"Currently, companies can pick and choose what they disclose, but the CSRD is prescriptive and makes it clear how and what should be reported," according to Morningstar's Bioy. "There is also a concept of proportionality to size and resources. Small companies won’t be required to disclose as much data as large companies. However, there is a minimum baseline of reporting, and the greater disclosure required in areas such as supply chains should have a positive ripple effect beyond Europe."

According to Dr. Anthony Kirby, the lead for wealth and asset management consulting regulatory intelligence at EY, the CSRD's broader mandate covers approximately 50,000 companies, or 75% of EU turnover. This applies to all sizable nonprofit organizations and those listed on.

Markets governed by the EU that satisfy two out of the three requirements listed below: 250 or more employees, €40 million in net revenue, and €20 million in assets.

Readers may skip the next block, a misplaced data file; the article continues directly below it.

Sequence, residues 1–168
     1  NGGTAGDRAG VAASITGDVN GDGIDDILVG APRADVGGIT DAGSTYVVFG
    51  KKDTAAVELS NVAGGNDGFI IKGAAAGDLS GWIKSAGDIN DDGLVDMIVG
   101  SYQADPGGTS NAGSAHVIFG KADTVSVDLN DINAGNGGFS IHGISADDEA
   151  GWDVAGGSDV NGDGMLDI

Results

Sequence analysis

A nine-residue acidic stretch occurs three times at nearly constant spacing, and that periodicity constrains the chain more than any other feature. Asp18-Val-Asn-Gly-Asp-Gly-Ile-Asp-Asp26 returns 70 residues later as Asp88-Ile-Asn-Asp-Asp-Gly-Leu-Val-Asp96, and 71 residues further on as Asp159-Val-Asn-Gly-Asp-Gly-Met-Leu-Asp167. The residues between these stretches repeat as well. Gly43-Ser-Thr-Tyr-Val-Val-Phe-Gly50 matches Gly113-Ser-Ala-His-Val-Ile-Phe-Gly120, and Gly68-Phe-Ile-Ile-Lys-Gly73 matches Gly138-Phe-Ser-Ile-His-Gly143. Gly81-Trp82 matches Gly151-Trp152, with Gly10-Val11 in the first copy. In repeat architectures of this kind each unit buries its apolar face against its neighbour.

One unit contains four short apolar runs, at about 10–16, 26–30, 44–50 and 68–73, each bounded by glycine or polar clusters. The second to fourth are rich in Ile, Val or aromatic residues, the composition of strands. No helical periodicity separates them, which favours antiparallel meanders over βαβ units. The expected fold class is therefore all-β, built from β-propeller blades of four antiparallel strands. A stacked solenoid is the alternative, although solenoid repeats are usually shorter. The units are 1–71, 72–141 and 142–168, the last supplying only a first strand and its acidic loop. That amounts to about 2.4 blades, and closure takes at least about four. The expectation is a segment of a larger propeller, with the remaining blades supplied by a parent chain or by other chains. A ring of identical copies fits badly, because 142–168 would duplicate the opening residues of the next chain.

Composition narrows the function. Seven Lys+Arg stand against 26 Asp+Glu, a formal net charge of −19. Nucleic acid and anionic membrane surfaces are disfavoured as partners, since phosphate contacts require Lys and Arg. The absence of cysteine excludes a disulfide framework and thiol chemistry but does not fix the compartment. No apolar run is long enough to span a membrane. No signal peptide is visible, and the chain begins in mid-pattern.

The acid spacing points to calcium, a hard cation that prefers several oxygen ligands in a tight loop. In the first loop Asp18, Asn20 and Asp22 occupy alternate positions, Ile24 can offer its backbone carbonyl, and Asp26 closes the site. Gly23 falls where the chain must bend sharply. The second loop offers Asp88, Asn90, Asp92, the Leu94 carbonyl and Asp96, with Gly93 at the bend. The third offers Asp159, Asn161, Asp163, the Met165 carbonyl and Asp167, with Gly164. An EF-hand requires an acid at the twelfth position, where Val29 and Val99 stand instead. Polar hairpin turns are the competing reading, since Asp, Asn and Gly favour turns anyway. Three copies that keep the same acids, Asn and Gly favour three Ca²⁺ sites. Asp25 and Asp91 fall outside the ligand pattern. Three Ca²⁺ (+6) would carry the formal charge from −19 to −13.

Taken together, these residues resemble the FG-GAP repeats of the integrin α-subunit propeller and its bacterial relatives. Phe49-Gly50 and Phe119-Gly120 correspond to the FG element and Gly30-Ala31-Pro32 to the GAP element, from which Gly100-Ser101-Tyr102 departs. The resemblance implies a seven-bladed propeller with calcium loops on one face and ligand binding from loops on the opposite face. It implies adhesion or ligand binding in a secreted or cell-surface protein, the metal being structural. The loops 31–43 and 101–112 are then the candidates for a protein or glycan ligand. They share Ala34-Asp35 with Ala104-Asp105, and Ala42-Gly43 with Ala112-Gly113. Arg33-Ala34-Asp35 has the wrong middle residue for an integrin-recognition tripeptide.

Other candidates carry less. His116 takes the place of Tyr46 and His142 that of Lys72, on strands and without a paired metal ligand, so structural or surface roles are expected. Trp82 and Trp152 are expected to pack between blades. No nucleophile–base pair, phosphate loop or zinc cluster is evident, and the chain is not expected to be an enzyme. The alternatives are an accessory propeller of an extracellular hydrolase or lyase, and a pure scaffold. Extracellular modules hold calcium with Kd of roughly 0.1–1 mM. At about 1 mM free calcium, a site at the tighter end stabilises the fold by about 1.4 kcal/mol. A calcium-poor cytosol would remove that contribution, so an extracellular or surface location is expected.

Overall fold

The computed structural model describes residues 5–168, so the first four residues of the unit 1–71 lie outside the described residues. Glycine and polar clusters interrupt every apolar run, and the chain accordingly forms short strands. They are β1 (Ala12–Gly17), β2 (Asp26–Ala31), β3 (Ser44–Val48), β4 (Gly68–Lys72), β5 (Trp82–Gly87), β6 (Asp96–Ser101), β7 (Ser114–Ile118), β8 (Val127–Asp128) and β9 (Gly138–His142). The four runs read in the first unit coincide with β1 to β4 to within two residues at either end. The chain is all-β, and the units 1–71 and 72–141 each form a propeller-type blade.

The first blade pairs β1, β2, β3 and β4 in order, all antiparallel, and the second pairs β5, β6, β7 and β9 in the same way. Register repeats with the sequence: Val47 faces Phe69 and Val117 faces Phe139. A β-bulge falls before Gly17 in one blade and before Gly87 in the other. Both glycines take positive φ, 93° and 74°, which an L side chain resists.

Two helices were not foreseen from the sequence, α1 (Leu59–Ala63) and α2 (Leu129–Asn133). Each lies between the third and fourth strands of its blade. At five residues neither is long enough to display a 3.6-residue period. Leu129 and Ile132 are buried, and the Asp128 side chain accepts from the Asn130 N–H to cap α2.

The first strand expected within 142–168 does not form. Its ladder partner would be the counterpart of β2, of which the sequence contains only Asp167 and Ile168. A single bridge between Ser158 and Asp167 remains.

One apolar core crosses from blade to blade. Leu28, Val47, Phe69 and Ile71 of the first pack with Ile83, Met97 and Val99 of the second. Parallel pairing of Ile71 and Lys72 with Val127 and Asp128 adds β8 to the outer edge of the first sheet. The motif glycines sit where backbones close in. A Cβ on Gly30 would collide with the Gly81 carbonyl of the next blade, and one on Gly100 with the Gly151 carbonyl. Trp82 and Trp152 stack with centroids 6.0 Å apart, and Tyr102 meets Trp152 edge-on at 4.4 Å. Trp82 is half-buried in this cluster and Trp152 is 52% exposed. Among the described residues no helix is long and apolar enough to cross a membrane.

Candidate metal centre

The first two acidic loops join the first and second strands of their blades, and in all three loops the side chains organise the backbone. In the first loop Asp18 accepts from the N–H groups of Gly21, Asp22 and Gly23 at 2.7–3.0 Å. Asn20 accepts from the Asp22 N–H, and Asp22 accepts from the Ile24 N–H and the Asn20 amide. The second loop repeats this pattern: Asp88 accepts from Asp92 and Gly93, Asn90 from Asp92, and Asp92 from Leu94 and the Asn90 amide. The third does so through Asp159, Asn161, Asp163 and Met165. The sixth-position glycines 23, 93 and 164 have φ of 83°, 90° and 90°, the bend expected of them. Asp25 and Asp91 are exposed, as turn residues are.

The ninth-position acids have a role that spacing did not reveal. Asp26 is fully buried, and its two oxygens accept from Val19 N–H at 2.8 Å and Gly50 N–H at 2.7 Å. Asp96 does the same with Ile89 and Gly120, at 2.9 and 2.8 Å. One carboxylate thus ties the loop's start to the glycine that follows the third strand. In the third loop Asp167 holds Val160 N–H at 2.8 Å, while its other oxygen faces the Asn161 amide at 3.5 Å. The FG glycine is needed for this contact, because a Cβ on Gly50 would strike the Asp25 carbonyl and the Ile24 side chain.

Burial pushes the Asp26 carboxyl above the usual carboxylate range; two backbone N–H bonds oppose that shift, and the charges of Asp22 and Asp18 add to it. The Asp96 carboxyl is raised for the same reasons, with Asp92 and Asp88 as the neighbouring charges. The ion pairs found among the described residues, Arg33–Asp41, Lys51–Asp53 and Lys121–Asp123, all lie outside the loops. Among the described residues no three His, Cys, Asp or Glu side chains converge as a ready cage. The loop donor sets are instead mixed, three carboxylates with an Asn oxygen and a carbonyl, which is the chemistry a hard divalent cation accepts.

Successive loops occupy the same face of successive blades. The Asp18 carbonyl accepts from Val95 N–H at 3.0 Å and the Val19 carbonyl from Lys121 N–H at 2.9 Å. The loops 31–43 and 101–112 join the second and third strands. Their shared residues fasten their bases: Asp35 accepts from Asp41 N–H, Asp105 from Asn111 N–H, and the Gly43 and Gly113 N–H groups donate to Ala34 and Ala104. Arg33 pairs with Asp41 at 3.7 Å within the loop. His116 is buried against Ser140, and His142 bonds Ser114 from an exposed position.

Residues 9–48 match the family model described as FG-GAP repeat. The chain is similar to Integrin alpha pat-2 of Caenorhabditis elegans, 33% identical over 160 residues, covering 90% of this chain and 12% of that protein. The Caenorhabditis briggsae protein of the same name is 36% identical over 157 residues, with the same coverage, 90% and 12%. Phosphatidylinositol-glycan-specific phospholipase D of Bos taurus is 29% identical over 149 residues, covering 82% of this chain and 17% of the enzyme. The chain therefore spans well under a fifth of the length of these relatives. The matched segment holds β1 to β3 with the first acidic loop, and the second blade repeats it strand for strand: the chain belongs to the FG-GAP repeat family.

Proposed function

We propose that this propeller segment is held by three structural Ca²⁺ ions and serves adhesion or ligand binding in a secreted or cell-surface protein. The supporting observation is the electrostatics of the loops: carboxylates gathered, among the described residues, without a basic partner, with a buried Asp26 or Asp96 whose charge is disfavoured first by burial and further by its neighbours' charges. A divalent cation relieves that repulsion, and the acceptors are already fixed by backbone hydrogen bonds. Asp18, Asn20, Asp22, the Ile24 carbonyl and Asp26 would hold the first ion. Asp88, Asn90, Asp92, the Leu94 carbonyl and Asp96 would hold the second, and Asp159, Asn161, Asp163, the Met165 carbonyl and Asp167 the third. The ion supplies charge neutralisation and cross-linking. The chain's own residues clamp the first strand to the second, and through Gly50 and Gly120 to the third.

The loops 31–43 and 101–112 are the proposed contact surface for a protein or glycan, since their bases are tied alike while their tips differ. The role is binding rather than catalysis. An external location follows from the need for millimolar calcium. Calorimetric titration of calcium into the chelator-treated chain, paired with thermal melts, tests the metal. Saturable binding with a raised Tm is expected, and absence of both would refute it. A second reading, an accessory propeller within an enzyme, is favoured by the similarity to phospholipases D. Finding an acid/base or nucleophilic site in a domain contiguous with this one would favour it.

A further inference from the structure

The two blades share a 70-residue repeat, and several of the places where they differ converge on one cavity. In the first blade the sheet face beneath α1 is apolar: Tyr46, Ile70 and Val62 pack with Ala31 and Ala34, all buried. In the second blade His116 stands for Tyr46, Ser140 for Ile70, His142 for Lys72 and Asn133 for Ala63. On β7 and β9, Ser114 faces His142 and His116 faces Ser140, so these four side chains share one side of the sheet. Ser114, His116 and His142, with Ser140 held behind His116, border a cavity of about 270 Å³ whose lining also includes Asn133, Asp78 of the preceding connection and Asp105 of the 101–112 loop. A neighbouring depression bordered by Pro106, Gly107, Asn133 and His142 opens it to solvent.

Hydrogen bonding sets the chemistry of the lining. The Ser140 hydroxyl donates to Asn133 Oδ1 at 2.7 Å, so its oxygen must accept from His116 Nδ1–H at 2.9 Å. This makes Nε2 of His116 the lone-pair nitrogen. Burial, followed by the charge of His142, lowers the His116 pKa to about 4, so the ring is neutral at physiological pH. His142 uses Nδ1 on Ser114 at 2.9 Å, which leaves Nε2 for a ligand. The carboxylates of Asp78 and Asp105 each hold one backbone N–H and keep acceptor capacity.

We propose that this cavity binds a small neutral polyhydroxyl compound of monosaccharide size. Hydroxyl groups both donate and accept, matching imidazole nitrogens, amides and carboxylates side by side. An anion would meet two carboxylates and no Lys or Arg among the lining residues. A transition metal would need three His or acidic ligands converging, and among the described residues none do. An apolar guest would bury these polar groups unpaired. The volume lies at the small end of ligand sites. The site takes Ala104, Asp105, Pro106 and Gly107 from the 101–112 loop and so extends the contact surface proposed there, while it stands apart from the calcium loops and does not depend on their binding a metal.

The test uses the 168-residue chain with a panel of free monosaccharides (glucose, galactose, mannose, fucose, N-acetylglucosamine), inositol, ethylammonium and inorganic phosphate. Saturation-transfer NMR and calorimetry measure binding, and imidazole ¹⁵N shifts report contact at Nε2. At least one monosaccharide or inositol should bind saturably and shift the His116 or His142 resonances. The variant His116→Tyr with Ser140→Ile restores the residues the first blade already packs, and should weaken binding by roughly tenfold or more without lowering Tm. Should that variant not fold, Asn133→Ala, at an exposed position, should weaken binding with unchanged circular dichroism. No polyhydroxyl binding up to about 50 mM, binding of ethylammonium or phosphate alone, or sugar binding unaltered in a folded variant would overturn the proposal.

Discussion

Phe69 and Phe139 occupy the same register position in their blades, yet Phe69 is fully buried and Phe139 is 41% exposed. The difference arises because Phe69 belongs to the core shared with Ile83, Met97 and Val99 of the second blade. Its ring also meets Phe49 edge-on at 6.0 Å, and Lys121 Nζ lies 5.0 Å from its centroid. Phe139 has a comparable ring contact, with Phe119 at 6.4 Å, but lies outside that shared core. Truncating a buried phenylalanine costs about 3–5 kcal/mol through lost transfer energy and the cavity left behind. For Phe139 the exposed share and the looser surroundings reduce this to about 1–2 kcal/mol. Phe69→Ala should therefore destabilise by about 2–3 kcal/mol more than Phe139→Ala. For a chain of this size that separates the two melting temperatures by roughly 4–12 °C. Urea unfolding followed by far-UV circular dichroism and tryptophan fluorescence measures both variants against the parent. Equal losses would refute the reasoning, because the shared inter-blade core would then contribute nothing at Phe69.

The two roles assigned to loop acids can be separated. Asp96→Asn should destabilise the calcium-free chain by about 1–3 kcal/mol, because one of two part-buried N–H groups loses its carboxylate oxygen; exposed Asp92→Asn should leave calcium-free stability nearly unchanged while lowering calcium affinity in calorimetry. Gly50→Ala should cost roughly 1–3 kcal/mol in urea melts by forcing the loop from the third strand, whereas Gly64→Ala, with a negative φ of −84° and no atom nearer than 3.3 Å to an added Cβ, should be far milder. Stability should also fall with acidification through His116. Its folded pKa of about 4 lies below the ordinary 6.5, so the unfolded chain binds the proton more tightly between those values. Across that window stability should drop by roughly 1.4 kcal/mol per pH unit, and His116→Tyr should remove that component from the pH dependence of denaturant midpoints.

The catchment area also includes listed small and medium-sized businesses, though their reporting requirements will be less onerous and they will have an extra year to implement.

Although the Commission has suggested a set of voluntary standards that they can follow to aid in the transition to a greener economy, their non-listed cohorts will be exempt.

International businesses will also be exempt from the regulations unless they have a subsidiary within the bloc. In other words, if one of a company's many subsidiaries is in the EU, even if the parent company is based in the US or Asia, it must abide by the CSRD.

Currently, the CSRD is in the trialogue phase, during which the European Commission, Parliament, and Council negotiate a final framework.